The next stage was to move on from the past. “There are women now and female composers and poetesses who have lots to say about the female experience. So we decided to commission a new work. Neither Jonathan nor I had ever commissioned something privately for ourselves. Talking to my friend Kathleen [the composer and performer Kathleen Tagg] and my friend Lila [the librettist Lila Palmer] who wrote the final group of songs titled This be the Verse, which inadvertently became the title of the programme... we struck on some really strong ideas.

“It became such a fun process, working with them and teasing out what’s the best way to say what we want to say. What’s the best way that I could perform what they want to say. It reminded Jonathan and me of what it might have been like to be around during the time of Schubert and even Mahler and Schumann. The performers were so involved in the creation of the work.”

She elaborates. “There’s never a conversation between a performer and a composer in the creation of a new work where a performer doesn’t say, ‘Oh, I don’t think this line rings properly in my voice. Can we try something else?’” And she tells of delving into the background of the writing of the words to negotiate stylistic shifts in the musical writing. “There’s so much around you that influences what you write, how you write, what you perform, how you perform, and how you read the things that you perform. It’s been a very special experience. It felt really organic to work like that.”

She describes the programme as having grown out of “a frivolous question on my part. Everything I do seems to start from a frivolous question that I ask someone. And then it sends me down a very dark rabbit hole, from which I never wish to return. I feel like Alice dumped in Wonderland and I’m never going back.”

She’s clearly very pleased with the programme. “I really enjoy it and so far audiences seem to be responding very well to it.” She does say, however, that there were promoters who raised their eyebrows and suggested adding in some male composers to balance it out.

Growing up in South Africa she was interested in music, listening to everything from pop music through folk and revolutionary to classical, sang in choirs, and had lessons on piano and violin. The country is so musical, she says, that political protest always generates its own rhythm, its own dance. “A chant becomes a song that is sung by thousands of people moving through a street.”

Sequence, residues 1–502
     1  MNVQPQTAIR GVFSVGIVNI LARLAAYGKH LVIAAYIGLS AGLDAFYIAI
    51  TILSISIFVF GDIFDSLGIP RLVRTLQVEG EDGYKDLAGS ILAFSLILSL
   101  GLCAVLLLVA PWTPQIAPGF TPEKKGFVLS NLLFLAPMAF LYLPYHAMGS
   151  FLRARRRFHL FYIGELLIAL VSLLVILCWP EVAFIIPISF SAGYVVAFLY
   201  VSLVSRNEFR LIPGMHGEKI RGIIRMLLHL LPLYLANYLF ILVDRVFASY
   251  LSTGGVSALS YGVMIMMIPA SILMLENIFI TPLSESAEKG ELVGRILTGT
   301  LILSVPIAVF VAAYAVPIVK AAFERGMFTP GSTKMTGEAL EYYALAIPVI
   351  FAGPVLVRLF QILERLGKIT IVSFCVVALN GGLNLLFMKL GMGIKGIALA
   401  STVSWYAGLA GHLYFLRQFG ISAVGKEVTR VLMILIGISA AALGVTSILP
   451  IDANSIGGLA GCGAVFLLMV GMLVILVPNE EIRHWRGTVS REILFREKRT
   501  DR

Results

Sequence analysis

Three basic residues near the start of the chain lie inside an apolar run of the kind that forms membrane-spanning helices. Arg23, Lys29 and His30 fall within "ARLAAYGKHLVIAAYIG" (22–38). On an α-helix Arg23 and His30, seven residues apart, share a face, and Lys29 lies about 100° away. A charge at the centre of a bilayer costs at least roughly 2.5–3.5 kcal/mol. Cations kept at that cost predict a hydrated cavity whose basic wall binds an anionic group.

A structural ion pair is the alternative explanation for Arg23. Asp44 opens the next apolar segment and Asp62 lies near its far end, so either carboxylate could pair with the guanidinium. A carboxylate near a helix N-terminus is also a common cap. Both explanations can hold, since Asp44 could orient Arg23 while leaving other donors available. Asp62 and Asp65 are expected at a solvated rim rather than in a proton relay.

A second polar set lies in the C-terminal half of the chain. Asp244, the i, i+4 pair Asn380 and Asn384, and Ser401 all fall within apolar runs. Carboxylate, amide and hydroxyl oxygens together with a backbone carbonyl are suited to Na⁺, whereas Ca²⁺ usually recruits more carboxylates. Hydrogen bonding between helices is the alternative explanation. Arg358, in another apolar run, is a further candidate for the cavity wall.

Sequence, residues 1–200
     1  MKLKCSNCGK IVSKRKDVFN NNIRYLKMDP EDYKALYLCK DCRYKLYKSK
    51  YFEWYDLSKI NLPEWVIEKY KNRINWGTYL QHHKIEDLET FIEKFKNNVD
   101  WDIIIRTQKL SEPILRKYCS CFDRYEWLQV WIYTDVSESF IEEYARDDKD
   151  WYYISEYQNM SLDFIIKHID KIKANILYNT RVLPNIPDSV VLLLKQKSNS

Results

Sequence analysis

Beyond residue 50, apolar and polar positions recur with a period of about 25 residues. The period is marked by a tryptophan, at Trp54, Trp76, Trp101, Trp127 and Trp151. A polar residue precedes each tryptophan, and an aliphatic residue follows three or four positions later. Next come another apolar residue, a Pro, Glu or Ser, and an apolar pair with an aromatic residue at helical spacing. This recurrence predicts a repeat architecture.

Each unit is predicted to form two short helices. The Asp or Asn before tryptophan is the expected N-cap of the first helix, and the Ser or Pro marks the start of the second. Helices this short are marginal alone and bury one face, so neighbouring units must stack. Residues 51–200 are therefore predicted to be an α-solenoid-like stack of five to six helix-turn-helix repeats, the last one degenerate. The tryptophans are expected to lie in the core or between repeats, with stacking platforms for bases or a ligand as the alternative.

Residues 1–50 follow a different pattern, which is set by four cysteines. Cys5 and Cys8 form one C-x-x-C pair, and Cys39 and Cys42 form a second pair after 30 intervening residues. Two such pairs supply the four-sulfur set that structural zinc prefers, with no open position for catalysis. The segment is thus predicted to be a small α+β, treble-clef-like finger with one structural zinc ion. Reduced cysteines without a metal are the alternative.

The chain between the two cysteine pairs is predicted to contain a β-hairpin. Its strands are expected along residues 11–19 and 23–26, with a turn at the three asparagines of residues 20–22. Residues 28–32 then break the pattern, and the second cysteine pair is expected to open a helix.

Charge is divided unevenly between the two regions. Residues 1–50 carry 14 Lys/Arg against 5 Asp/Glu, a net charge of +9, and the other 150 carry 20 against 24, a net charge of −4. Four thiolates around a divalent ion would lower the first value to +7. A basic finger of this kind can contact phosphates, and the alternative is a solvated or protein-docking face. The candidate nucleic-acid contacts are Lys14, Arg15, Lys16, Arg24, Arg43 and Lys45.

She says music was “always something I carried with me” but she never thought of it as a possible career. At university she studied journalism, and when she first sought tuition as a singer at the age of 19 or 20 it was with a view to performing in musicals. And although the teacher she approached taught only “classical voice” she still signed up.

I would sing. I would pass out. Here is this strange woman. The woman who faints when she sings

Yet that potential mismatch of singing styles was not the greatest barrier to her success on the great stages of the world. She took to opera with gusto. Her affliction was her vulnerability to stage fright. As she tells it, she couldn’t perform without fainting. “I would sing. I would pass out. Here is this strange woman. The woman who faints when she sings. It sounds like a sideshow in a circus. I would never bow. I would just fall over.”

She was pushed to perform as much as possible “to confront the fear, confront the anxiety” and figure out what she was really afraid of. She resolved the issue through what you might call the simplest version of talk therapy. At one concert, before singing, she told the audience about how nervous and how scared they made her. And somehow the laughter in their response created a connection that defused her fright.

With Fischer-Dieskau a key figure in the process that led to her current recital programme, I ask what she thinks of his contention that preparing to perform a single song is as challenging as working on a whole role in an opera.

“I agree,” she says. “It really is. It’s sometimes worse. Because a song is a universe in a few minutes. That universe is filled with only you and the piano. You have to fill it so that your audience has a full experience. With an opera role you always know there are moments where your character is not really in the foreground of the story. You can take a break. But when you’re doing songs, you’re leading the charge at all times. You are the general and you are the soldier on the ground.”

Golda Schultz and Jonathan Ware perform Clara Schumann, Emilie Mayer, Rebecca Clarke, Nadia Boulanger and Kathleen Tagg in the National Concert Hall's International Concert Series on Sunday, February 13th. See